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Covid-19 statistics show that the coronavirus is most deadly among older people, with individuals in care homes dying in large numbers in the UK. In South Africa, a quarter of all Covid-19 deaths have been among people in the 50-60 age group and not far off the rest of the 2,500 people have been aged 60 and over. In Cape Town, two care homes have demonstrated how to reduce and even eliminate the presence of Covid-19. Dr Duncan Carmichael shares how Nazareth House and Highland House have become shining examples of protecting vulnerable people in the battle against the pandemic. – Editor
A tale of two care homes
By Dr Duncan Carmichael*
“It was the best of times, it was the worst of times, it was the age of wisdom, it was the age of foolishness…” Charles Dickens was writing about the French Revolution, but his lines could just as easily reflect the ongoing coronavirus crisis.
In this pandemic without a cure – yet – many readers will surely have wondered what might happen should they contract the virus. Businesses that should be open have closed, and many desperately hungry people stand in queues for food handouts.
If one were to take a positive from all of these challenges, it would be that nature has been given a breather. The skies over China haven’t been this clear in decades; dolphins have returned to the waterways of Venice; and leopards have been spotted roaming the towns of the Western Cape.
But as economies restart, even those silver linings will disappear. What will remain is the emotion that has been constant throughout – fear. The media is filled with news of the elderly and the vulnerable dying, leaving people scared. Older patients of mine who started 2020 active and happy are shadows of their former selves after months of gloomy news and indoor isolation.
Governments in many countries stand accused of failing to look after their elderly. In the UK, for example, one-third of coronavirus deaths have occurred in care homes. There are three reasons given for this. First, the elderly are more susceptible to infection. Second, they are in close contact in care homes, which makes social distancing difficult. And third, care workers who leave after their shift can introduce infections from the Community.
The question that comes to my mind is how South Africa is doing when it comes to caring for our most vulnerable. I’d like to share the tale of two care homes, both in Vredehoek in Cape Town, and both of which have been in the news lately.
The first is Nazareth House, which recorded its first coronavirus case in May. According to its press release, staff then tested all 24 residents in its dementia wing, of whom another three tested positive. Two of the four cases were terminally ill and passed away soon afterwards, while a third succumbed to Covid-19. Nazareth House has intensified its efforts to protect its residents – other than isolating residents in their rooms and sanitising extensively, staff are being accommodated on the premises to prevent them bringing in the virus. As a result, Nazareth House has not recorded another outbreak and the remaining residents remain free of Coronavirus.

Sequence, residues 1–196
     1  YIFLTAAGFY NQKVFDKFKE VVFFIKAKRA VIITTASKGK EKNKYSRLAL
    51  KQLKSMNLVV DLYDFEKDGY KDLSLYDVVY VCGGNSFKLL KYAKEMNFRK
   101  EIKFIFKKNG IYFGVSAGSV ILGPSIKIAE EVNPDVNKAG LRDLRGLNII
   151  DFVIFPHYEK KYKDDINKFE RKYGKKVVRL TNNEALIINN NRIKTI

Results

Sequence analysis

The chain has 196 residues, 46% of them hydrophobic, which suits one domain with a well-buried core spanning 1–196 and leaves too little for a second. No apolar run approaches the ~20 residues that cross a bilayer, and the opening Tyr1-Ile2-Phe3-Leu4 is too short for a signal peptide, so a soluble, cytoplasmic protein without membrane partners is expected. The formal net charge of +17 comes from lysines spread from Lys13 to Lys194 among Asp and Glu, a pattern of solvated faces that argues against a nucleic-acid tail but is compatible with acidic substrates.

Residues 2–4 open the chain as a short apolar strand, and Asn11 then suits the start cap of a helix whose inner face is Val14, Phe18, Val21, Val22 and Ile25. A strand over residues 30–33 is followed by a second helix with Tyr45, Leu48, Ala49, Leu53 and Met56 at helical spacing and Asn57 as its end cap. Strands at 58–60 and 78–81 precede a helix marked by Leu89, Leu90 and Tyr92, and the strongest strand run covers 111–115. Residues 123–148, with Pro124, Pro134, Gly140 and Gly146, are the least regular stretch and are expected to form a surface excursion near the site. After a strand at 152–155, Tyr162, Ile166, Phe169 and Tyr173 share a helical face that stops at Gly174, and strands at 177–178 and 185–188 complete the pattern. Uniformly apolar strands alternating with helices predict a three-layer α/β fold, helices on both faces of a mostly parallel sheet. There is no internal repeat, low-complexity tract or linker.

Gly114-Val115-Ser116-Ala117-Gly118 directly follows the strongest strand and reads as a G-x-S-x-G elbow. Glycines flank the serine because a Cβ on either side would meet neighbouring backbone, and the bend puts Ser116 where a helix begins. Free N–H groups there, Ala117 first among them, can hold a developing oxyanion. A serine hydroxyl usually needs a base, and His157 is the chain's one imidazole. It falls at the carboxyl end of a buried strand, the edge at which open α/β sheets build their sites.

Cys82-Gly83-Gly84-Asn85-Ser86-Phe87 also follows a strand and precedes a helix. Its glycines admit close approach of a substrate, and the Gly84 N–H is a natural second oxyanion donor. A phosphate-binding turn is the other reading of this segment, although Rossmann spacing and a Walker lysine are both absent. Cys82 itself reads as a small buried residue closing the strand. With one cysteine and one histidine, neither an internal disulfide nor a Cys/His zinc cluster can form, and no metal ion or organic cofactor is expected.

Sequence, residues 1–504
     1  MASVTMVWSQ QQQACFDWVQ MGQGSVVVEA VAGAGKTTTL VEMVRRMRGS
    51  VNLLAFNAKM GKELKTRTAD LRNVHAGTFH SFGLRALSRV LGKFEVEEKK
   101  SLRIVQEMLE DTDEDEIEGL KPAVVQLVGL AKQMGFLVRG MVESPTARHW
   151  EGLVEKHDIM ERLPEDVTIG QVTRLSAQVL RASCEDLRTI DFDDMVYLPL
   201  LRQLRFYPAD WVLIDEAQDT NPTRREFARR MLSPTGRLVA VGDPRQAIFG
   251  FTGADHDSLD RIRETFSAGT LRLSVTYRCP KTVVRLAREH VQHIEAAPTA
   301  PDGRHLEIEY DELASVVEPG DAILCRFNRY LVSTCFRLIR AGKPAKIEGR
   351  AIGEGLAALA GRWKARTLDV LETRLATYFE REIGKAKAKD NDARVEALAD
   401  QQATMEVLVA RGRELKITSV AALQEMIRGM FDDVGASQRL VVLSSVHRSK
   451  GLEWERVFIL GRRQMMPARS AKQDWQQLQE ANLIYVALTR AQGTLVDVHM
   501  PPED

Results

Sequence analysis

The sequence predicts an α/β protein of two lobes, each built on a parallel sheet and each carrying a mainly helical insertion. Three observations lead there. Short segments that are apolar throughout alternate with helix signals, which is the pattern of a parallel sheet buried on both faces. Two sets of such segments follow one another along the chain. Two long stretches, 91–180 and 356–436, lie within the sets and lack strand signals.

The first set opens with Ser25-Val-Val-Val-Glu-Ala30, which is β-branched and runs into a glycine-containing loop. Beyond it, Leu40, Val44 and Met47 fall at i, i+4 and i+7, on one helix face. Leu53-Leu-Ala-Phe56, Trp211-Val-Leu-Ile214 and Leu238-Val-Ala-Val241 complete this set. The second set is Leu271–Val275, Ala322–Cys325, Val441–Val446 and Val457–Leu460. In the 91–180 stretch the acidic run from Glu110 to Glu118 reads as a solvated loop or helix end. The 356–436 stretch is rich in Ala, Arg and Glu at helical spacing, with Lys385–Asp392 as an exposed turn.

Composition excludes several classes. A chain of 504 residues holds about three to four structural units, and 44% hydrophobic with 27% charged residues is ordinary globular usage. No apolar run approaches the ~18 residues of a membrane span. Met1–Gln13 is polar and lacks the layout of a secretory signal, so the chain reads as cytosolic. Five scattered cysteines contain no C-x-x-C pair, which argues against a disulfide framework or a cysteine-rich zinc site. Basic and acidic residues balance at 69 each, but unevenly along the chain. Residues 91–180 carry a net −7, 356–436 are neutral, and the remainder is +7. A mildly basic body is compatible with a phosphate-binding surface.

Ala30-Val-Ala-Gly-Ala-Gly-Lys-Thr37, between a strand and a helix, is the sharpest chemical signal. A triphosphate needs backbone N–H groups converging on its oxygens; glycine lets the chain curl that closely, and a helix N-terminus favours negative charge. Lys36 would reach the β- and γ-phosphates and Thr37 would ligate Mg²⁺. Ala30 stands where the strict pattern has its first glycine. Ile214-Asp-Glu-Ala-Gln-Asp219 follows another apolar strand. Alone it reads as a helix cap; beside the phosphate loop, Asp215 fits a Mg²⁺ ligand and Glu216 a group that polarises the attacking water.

The second care home is Highlands House, which has nearly 190 residents with an average age of 83. When one elderly resident tested positive, the care home’s doctor swabbed every resident, with 14 more testing positive. Highlands House lacks the space to accommodate its staff, but it did put in place strict isolation and cleaning policies. The result? It recorded just one death and 14 recoveries (many of whom were asymptomatic). Until now, it has recorded no new cases.
Nazareth House’s isolation policy protected four-fifths of its residents from contracting the virus. Highlands House not only prevented more than 170 residents from getting the virus; it recorded an impressive 93 percent recovery rate among those who did.
These are uplifting stories, not least because nearly 80 percent of South Africa’s coronavirus deaths were in people over 50. I am often asked why older people are more susceptible. These are still early days in the search for answers about Covid-19, but the following two factors appear to be highly relevant:
- Our immune system becomes compromised with age, which results in inflammation and a decreased ability to fight infections. What can we do about this? For most people, it’s a matter of following the basics: a good night’s sleep (eight hours, uninterrupted) along with vitamin D and zinc supplements. The most vulnerable might benefit from immune-booster injections from their doctor.
- Over 65 percent of people who died from coronavirus in South Africa had diabetes and nearly 60 percent had hypertension. The message is simple: cut out sugar and white carbohydrates as much as possible. It’s never too late to do this, and it’s wise to do so, because sugar drives the common form of diabetes and can worsen high blood pressure.
My wish for the elderly and the vulnerable during these challenging times is that they are freed from fear. The two care homes in Cape Town have shown that staying healthy and taking the necessary precautions are key, and mean that even those aged 80-plus can get through this crisis. To close with Dickens’s words, let this be “the spring of hope” and not “the winter of despair”.
- Duncan Carmichael is a medical doctor with 25 years of experience in the profession, and the author of ‘Younger for Longer: How You Can Slow the Ageing Process and Stay Healthy for Life’. He is a regular speaker at conferences on healthy ageing, and has written numerous articles on the subject. He founded and runs the Institute of Healthy Aging in Cape Town.
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